Stamford rep shifts parties to challenge Blumenthal son
STAMFORD — A Democratic city representative who says his party pushed him out of the race for a state House of Representatives seat — supporting instead a U.S. senator’s son new to the district — is now a Republican.
Anzelmo Graziosi, 46, said he switched parties out of frustration with Democrats, though he’s been one for 25 years.
“One reason I became a Democrat was I grew up on Long Island, where the Republicans were a political machine that ran Nassau County into the ground. The state had to take over fiscal management,” said Graziosi, an attorney. “I came to Stamford and saw that Democrats have control. I think there’s an arrogance when any one party dominates.”
The consequences became clear after he filed papers in February to run for the District 147 seat, Graziosi said. A month later, 32-year-old Matt Blumenthal, son of U.S. Sen. Richard Blumenthal — a stalwart of state politics — filed his papers. The younger Blumenthal had moved to District 147 a few weeks earlier.
Immediately city Democrats stopped returning his calls, Graziosi said. In May the party endorsed Blumenthal and didn’t give Graziosi enough votes to force a primary.
“No one else had a chance, and the people didn’t get to choose in a primary,” said Graziosi, who represents District 13 on the Stamford Board of Representatives. “I’m a father of five kids in public schools, working and paying my taxes, like my constituents, and I was bullied out. It’s politics as usual. Like most people, I’m fed up.”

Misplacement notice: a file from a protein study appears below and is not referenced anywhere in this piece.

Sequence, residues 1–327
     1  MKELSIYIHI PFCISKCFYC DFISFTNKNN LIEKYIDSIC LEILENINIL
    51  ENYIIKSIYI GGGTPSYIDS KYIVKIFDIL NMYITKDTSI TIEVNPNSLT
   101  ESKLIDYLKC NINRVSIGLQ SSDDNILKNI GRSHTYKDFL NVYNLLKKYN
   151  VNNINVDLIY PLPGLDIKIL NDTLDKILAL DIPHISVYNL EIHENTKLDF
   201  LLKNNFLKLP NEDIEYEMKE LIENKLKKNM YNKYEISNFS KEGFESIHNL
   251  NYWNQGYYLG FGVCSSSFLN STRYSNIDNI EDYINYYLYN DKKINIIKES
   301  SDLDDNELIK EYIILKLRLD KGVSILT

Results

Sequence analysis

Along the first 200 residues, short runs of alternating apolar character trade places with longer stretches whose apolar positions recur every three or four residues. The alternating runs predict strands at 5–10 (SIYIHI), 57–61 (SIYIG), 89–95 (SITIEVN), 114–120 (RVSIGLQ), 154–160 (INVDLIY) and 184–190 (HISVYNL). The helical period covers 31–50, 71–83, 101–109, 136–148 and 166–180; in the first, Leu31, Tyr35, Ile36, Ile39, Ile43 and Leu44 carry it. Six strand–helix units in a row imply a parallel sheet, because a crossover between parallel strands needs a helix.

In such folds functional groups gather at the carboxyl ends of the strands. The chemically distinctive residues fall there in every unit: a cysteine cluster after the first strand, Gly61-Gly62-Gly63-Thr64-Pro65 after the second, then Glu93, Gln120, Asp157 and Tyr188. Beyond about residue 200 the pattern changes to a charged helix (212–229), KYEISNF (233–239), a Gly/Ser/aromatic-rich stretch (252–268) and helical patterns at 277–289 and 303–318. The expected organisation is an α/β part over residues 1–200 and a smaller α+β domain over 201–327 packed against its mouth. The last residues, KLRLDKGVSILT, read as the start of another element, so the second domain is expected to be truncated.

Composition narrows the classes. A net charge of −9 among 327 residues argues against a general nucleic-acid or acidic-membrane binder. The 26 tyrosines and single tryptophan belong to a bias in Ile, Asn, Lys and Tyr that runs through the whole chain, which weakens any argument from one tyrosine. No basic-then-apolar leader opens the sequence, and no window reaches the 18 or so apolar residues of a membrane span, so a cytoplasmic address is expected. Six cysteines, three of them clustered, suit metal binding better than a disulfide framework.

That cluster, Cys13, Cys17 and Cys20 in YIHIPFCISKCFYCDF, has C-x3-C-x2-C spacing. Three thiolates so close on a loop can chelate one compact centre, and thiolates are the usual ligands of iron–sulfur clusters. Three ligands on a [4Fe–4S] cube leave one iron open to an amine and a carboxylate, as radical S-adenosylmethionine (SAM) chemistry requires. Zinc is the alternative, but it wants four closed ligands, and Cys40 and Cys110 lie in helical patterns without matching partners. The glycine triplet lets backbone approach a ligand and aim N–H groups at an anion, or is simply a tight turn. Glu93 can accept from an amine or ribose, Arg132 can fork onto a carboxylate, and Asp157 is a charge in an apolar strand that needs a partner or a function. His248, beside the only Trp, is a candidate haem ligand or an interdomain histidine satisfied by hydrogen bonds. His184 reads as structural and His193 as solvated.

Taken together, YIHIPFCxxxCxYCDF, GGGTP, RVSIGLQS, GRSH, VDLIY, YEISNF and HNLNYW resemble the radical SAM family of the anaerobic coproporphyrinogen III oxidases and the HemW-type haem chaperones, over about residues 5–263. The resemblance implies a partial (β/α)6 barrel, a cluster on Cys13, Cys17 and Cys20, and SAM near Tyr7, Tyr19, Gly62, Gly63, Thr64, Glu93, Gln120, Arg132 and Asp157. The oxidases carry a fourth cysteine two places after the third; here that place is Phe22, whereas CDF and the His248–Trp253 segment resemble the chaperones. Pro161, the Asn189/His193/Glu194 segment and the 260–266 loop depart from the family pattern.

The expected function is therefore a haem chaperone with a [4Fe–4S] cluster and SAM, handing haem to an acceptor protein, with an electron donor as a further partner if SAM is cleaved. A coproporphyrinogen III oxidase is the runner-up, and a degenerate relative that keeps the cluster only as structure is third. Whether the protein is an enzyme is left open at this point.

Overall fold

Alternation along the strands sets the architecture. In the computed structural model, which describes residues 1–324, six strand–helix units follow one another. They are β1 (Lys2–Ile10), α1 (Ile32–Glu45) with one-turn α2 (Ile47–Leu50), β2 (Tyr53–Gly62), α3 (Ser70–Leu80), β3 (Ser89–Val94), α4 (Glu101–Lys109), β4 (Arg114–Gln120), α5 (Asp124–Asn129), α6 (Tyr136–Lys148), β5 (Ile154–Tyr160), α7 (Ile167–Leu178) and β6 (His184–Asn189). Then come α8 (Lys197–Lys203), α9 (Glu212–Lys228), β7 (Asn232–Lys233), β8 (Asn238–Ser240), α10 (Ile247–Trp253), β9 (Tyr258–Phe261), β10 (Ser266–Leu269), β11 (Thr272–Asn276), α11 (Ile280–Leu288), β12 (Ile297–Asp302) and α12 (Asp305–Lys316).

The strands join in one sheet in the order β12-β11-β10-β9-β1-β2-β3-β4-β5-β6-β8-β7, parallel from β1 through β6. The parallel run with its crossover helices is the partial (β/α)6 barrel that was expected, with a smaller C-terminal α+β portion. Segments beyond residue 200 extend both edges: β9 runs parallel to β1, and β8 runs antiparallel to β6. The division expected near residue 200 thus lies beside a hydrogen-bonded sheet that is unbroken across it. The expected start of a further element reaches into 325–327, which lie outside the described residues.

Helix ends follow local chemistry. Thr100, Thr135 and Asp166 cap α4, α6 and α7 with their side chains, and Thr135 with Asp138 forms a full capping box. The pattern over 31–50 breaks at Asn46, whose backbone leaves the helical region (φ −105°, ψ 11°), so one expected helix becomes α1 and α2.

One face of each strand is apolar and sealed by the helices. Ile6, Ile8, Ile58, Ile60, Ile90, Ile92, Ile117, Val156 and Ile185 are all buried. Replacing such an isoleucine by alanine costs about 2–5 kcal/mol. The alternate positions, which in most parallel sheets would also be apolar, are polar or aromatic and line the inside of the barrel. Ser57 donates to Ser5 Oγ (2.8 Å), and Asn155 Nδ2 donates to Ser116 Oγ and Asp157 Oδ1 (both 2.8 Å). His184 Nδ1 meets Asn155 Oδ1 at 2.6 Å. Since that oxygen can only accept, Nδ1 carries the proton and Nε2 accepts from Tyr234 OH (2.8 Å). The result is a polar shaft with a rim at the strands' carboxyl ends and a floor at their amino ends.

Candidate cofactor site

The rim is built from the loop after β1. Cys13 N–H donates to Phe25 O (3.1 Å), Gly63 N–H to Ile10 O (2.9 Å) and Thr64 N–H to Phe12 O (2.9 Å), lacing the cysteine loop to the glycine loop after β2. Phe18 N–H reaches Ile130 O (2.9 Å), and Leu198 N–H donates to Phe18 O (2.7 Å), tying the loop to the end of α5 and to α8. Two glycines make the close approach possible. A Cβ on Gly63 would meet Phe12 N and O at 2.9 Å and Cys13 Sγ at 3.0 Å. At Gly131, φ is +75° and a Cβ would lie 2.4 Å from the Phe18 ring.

Democratic City Committee Chairman Josh Fedeli said the party decided Blumenthal, an attorney who served in Afghanistan as a platoon commander with the Marine Corps Reserve, was the better candidate.
“The 147th is an extremely important race this November, so it is no surprise that the local Republican Party, which was unable to recruit a viable candidate for the race, has chosen to endorse a Democratic castoff,” Fedeli said. “It’s further evidence that the Republican Party in Stamford is nonfunctioning, and continues to fail at its job of representing the over 13,000 Republicans in this city.”
Same, but different
The Republican Town Committee nominated Nick Tarzia as a placeholder for District 147, which includes a portion of Darien. There will be a vote next week to replace Tarzia with Graziosi, committee member Tom Lombardo said.
Graziosi said he’s out gathering signatures to also get on the ballot as an independent candidate.
“I’m going to run for the state seat as a Republican and an independent, just like I ran for the Board of Representatives as a Democrat and an independent,” he said. “The common denominator is that I’m an independent.”
Regardless of affiliation, he’s the same - socially liberal and fiscally conservative, Graziosi said.
“I’m pro-choice and pro-gay rights. I believe in the Second Amendment but I see no reason why people need assault weapons or can’t have background checks. I believe the vast majority of immigrants come here for good reason and will be good citizens, but I think we need border controls so people come legally,” he said. “I told the Republicans and they understand my feelings. There’s more that unites the parties than divides them, especially in Fairfield County.”